A lawsuit in Spain has turned up documents indicating that Holcim may have invested in a Cuban cement plant despite warnings the deal might violate U.S. law because it sits on land seized from U.S. citizens, reports the Miami Herald. The deal took place in 2000 – when Holcim operated under the name Holderbank – but ownership was put under a string of companies in Spain, the Netherlands and Panama to put distance between Holcim and the investment, according to documents filed in the lawsuit. 

“Holderbank’s investment in the Cienfuegos property clearly would constitute ‘trafficking’ in confiscated property under Title IV of Helms-Burton,” wrote the Arnold & Porter law firm, who was hired to advise Zurich-based Holcim, in a fax to the company in 2000. 

Holcim claims it has no investments in Cuba. “Holcim does not own a business or a stake in a business in Cuba,” company spokesman Eike Christian Meuter told the Miami Herald.

The lawsuit involves Spanish firms Firebrick SA and Acedos Trading who allege that Inversiones Ibersuizas owes them more than $2 million from the investment in Cuba. Acedos and Ibersuizas joined forces for an attempt to enter the home-construction market in Cuba. However when the attempt failed, Ibersuizas then proposed to Holcim that they establish a joint partnership with Cuba to run the Carlos Marx cement plant in Cienfuegos, according to court documents. Holcim was to provide capital, technical expertise and management.

A July 11, 2000, letter to Ibersuizas signed by Marcos Portal, then Cuba’s minister of basic industries, reportedly said Havana had accepted “the offer presented by Ibersuizas-Holderbank to establish a joint venture in the Carlos Marx plant.”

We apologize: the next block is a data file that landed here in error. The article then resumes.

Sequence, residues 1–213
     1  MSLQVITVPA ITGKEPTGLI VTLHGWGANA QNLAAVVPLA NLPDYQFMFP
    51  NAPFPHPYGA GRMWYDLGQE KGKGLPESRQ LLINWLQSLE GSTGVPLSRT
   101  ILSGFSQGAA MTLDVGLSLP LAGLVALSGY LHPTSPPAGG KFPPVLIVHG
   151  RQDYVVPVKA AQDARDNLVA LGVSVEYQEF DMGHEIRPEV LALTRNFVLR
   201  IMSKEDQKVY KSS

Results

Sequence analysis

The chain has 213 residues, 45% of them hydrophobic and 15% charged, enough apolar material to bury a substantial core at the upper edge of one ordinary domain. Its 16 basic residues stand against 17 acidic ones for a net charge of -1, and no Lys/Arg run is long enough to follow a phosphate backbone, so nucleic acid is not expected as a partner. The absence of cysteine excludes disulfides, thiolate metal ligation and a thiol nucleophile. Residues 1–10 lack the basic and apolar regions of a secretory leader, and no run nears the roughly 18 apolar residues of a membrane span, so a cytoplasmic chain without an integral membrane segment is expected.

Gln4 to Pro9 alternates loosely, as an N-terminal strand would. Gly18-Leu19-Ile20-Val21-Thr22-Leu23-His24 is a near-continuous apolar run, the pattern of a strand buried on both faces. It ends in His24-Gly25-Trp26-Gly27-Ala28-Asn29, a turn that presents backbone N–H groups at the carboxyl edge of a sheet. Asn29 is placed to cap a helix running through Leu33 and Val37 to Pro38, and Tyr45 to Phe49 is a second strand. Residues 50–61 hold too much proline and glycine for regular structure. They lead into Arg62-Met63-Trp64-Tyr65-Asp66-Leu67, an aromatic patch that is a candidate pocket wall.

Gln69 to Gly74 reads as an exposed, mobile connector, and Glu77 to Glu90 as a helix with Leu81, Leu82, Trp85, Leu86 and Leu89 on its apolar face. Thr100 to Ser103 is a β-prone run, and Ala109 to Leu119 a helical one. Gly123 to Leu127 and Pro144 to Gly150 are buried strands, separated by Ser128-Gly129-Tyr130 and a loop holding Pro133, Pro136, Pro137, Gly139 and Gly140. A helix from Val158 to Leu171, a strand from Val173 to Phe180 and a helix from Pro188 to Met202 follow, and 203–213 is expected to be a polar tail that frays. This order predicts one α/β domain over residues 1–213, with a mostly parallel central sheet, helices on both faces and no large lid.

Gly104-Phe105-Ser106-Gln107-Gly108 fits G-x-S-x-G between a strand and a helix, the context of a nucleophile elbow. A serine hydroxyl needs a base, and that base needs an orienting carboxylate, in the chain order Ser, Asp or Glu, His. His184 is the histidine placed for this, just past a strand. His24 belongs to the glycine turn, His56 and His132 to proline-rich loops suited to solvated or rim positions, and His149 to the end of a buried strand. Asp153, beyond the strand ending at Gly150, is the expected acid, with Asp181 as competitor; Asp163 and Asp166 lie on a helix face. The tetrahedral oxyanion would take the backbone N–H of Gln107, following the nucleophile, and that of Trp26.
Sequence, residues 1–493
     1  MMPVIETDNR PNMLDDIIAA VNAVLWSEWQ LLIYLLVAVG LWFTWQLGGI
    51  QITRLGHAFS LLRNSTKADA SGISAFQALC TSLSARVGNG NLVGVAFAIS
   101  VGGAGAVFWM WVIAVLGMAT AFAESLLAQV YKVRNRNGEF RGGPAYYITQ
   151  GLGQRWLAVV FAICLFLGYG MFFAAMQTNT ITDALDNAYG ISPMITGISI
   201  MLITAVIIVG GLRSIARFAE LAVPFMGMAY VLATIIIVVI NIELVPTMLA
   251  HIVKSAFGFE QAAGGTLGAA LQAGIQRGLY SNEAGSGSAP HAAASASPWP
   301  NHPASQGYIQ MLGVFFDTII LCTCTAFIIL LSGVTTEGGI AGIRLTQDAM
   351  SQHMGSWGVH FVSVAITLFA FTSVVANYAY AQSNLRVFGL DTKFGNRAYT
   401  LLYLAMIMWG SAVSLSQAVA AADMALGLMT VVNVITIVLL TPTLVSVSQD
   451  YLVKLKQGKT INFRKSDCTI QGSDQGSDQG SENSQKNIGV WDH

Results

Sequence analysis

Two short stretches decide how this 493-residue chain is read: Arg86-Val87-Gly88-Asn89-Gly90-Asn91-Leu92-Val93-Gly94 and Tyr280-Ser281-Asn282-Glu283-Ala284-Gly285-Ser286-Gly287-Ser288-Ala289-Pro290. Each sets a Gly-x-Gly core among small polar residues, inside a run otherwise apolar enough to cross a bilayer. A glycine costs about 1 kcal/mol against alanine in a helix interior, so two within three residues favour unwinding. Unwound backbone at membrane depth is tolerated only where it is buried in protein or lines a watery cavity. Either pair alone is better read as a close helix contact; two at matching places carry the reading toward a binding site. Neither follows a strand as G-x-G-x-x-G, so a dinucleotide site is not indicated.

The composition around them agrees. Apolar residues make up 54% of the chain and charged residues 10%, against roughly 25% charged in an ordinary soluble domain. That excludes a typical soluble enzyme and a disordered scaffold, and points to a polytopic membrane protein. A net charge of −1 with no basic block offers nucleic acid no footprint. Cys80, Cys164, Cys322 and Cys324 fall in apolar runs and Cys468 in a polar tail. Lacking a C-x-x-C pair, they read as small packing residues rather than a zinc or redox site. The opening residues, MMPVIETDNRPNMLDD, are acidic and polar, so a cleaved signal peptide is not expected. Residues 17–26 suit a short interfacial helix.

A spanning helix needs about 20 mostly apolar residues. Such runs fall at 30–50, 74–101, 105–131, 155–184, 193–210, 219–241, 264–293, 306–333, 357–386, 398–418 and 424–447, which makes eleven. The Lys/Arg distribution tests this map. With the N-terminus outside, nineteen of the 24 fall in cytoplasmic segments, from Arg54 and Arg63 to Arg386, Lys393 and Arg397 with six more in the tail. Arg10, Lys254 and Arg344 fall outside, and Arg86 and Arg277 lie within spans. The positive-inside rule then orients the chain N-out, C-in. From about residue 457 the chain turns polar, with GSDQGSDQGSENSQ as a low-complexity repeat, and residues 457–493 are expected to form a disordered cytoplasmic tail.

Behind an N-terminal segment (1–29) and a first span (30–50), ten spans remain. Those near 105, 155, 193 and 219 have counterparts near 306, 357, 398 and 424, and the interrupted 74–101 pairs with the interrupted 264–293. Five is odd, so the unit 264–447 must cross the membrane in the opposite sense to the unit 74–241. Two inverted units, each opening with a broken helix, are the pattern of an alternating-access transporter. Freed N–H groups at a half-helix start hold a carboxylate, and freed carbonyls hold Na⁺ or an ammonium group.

Ibersuizas created a Spanish firm, Las Pailas de Cemento, in 2000 that paid $70 million to Cuba for 50 percent of the joint venture, Cementos Cienfuegos plant. Holderbank controlled the project through a Panama-based company, Windward Overseas, and a sophisticated “put option” mechanism, according to court documents. The deal began to break down in 2004, when Ibersuizas President Luis Chicharro complained in a letter to Holcim that the investment was in trouble because the Swiss company “had assumed control of all the business” and was making bad decisions.

“Ibersuizas is convinced that when we brought you into this project our return had two elements, the payment in cash and the put,” Chicharro wrote in the letter, which is part of the court documents. “The put is losing practically all its value.” 

The letter added that the problems “could be counterproductive for Holcim” – an apparent reference to a European Union law designed to shield European companies from Helms-Burton. Switzerland is not part of the EU. “The protection a Spanish company offers to the investment … is losing its nature and in case of problems it will be very difficult for European and Spanish authorities to protect [it] … from American authorities,” wrote Chicharro.

Just a few months later, the Washington, D.C.-based Zuckerman Spaeder law firm wrote to Ibersuizas stating it was aware of “the structure of Holcim’s concealed ownership interest in Las Pailas” and raising the possibility of a monetary settlement with the Claflin family.

William H. Claflin IV, a Boston investment advisor involved in the family claims over the Cuba land, said that a U.S. law firm told him in 2004 that it had a client who could broker a settlement with Holcim for a share of the settlement amount. The family still has a claim of $11 million on the Cuba land, recognized in 1969 by the U.S. Foreign Claims Settlement Commission.

Ibersuizas replied to Zuckerman Spaeder that it was not interested in a deal, but within months it began moving the shares in Las Pailas through other companies in Spain and the Netherlands, according to the court documents. In 2005, it was reported to have sold the shares for about $65 million to Apollo 200, identified in court documents as a Spanish firm controlled by Chicharro and three other Ibersuizas officials.

 

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